Dear Jenny,

We are in a panic. For ages we’ve delayed doing anything about our kid’s behaviour because we thought it was just a stage and it would be over in time for school. School has come around and nothing has changed.  Our eldest is six and a half years old, and then we have a five year old and a three year old, and their behaviour at home and out and about is nothing short of wild. By wild I mean they race around the shops and knock stuff over, they kick the back of my car seat relentlessly, they tell me the food I put in front of them is disgusting and getting them to stay in bed at night takes around 90 minutes.

Our parents can’t look after them because of how much they fight. I think our greatest battle is dealing with two very strong-willed children. They don’t take no for an answer and will argue back with all of us. I’m pretty strong-willed myself but they seem to beat me down. I have become a lot less tolerant lately and I am not happy with how much shouting I do. I also feel detached from them like it has all gotten too hard. I don’t think they have noticed.

Jenny’s tips

This sounds really tough and so natural to feel overwhelmed and distanced from your children. Believe it or not, your children want to behave well and will respond to your love as well as your limits. Some families decide that it’s time to reset things and to let the children know that a couple of things need to start happening differently.

This reset is positive and a time to remind the children that you are so glad to have them in your family. Children need to hear that they are wanted and they respond so much better to an invitation to join in, than being growled at or told how unhappy you are with their behaviour.

When we set limits, staying firm and calm helps children cooperate. Let’s take the car seat kicking as the first thing to manage. When it next happens, slow down or pull over and simply say, “No thanks, no kicking the car seat.” If you are ignored, be prepared to wait at a safe place on the side of the road. No growling, but a patient pause where you let your child know you are happy to start the car again as soon as the kicking has stopped. This is inconvenient, but will be less trouble than the regular kicking challenges.

Your children need you to engage with them, and this is not easy to do when you are fed up with their behaviour. One reason children misbehave is that they feel the disconnect and distance and will use anything to get into the arena again. Naturally this means any behaviour might be used. If you can see their bad behaviour as an attempt to get back in, you will feel less frustrated and respond less reactively. Perhaps you can even find the wherewithal to acknowledge that you would like to be with them and that there’s a story you would like to read to them or you are looking forward to watching them on the trampoline. Don’t worry if you are refused – just let them know you are ready when they are ready.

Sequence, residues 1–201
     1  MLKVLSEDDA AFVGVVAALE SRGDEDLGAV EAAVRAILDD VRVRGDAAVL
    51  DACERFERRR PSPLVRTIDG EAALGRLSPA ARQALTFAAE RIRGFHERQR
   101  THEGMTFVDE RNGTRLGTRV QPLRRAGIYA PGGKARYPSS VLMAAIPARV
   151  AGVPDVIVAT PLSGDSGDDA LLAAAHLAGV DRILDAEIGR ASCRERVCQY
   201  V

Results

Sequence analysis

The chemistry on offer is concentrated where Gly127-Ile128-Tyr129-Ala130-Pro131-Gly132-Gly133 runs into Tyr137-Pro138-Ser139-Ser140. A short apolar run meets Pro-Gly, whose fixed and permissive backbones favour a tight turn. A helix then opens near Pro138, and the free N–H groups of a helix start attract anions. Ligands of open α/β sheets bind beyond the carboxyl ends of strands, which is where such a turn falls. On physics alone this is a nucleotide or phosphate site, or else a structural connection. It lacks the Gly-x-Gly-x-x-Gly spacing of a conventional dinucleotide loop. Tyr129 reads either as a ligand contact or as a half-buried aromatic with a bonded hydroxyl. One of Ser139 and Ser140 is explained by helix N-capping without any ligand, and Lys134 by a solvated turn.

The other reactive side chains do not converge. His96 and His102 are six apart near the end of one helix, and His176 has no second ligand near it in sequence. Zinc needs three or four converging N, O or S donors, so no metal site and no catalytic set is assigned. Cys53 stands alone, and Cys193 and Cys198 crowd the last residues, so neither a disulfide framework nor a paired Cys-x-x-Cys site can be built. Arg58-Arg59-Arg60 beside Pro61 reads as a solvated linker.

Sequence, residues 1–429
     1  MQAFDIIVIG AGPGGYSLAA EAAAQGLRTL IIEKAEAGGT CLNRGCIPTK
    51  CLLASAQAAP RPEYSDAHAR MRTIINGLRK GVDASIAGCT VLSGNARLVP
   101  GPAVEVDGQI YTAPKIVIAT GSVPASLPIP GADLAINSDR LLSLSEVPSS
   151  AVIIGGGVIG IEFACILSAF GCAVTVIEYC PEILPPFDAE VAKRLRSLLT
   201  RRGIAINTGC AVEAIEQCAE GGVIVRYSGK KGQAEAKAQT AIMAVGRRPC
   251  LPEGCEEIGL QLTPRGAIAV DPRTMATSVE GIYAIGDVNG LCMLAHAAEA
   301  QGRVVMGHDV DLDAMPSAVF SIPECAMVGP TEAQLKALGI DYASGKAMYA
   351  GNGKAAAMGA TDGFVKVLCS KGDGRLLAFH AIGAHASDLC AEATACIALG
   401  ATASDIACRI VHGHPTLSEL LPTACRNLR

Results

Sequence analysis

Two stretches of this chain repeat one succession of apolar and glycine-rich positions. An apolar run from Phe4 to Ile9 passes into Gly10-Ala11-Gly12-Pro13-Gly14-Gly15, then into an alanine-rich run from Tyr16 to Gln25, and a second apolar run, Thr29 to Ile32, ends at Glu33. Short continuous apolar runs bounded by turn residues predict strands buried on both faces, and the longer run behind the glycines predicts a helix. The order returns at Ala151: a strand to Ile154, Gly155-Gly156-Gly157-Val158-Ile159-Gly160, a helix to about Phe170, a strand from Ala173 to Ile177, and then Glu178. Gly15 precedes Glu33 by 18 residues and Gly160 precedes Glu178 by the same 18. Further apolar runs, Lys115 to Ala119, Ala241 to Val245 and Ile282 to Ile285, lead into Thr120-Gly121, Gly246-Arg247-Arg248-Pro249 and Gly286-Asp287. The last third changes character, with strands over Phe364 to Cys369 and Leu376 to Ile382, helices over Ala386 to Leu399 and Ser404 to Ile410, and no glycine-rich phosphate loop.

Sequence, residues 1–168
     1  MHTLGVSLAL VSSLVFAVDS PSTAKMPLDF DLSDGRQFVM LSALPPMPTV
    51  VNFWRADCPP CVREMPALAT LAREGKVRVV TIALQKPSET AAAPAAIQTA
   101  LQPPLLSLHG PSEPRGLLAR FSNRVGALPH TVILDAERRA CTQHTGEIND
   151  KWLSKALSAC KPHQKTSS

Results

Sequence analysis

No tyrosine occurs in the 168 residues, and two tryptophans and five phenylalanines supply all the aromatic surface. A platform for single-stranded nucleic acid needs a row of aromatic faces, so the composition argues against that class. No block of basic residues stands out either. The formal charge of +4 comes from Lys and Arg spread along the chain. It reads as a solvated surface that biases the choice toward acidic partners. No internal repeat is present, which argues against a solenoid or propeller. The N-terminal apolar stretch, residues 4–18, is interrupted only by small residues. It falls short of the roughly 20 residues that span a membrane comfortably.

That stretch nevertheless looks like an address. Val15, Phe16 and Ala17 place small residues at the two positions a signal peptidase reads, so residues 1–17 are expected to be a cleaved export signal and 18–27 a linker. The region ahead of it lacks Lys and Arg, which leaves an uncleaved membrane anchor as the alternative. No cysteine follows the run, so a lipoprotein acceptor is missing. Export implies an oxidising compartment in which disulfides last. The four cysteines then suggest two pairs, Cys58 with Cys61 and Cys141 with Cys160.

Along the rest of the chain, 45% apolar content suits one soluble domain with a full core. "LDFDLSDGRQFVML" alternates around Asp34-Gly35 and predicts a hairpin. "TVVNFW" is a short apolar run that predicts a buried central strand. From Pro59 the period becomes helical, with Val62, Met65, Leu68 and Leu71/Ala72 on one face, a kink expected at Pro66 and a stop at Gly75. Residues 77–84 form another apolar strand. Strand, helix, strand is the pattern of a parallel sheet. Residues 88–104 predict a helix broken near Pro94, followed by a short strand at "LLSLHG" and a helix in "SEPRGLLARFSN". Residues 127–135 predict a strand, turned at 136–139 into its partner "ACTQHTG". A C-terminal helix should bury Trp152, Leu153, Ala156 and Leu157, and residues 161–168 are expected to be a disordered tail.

Children love predictability, so bedtime can be a time where you use a simple chart of the five things that need to be done as a lead up to bed. Each picture and number on the chart shows what to do.

  • 5 = Dinner
  • 4 = Bath
  • 3 = Pyjamas
  • 2 = Teeth
  • 1 = Story
  • 0 = Cuddle and kiss

The outcome

There’s definitely been less shouting in this family and the biggest thing we got from our coaching session was to reengage with our kids – especially me. I am seeing them in a better light and realise that maybe they are not out to beat me down. We have taken much less stuff off them which shows we must be doing something right. Bedtime was so stressful before and one of the easiest things to do was to make up the simple routine of what we need to do step by step. The kids love the photos of themselves by each of the numbers.

Fortunately we started with the positive stuff first and we felt closer to the children. We reintroduced the bedtime story as that had got lost in the negative cycle. I mentioned to the children that I would be stopping the car if there was fighting or kicking and I guess they were surprised that I actually did without the usual 10 warnings. It’s been slow, but there is less fighting and the kicking is a bit token now. I still have to watch I don’t overreact!

So overall the calmer approach is working well and I am aware that I do much better when I get enough sleep. I have reduced my work hours slightly so life feels a bit less stressed and time pressured. We have been more deliberate in putting our phones down while the children are awake and I have even let them help me in the kitchen – a big step for someone who likes the control!

For now, we have decided that the kids can just go to their grandparents’ one at a time while we make these changes and we’ve stopped threatening that we are going to take that off them if they mess up. It’s hard to say which thing has been the key to the changes but we feel encouraged that we’ve started a much needed turnaround and have already seen some light at the end of the tunnel.

 

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About Author

Jenny Hale

Jenny Hale is our Senior Family Coach and we’ve been lucky enough to have her on our team for 19 years now. Once upon a time, Jenny was a teacher. These days, she spends her time supporting our team of Family Coaches, training new ones, and travelling around the country talking in preschools, schools and churches. She loves working with families and helping them find solutions to the challenges they face with behaviour and parenting. Jenny has been married to Stuart for 40 years and adores being a grandma to her grandkids (who live just 1km away). She needs a support group so she can stop buying books for them. She’d love to raise free-range chickens, write children’s books and perhaps even take up horse-riding again.

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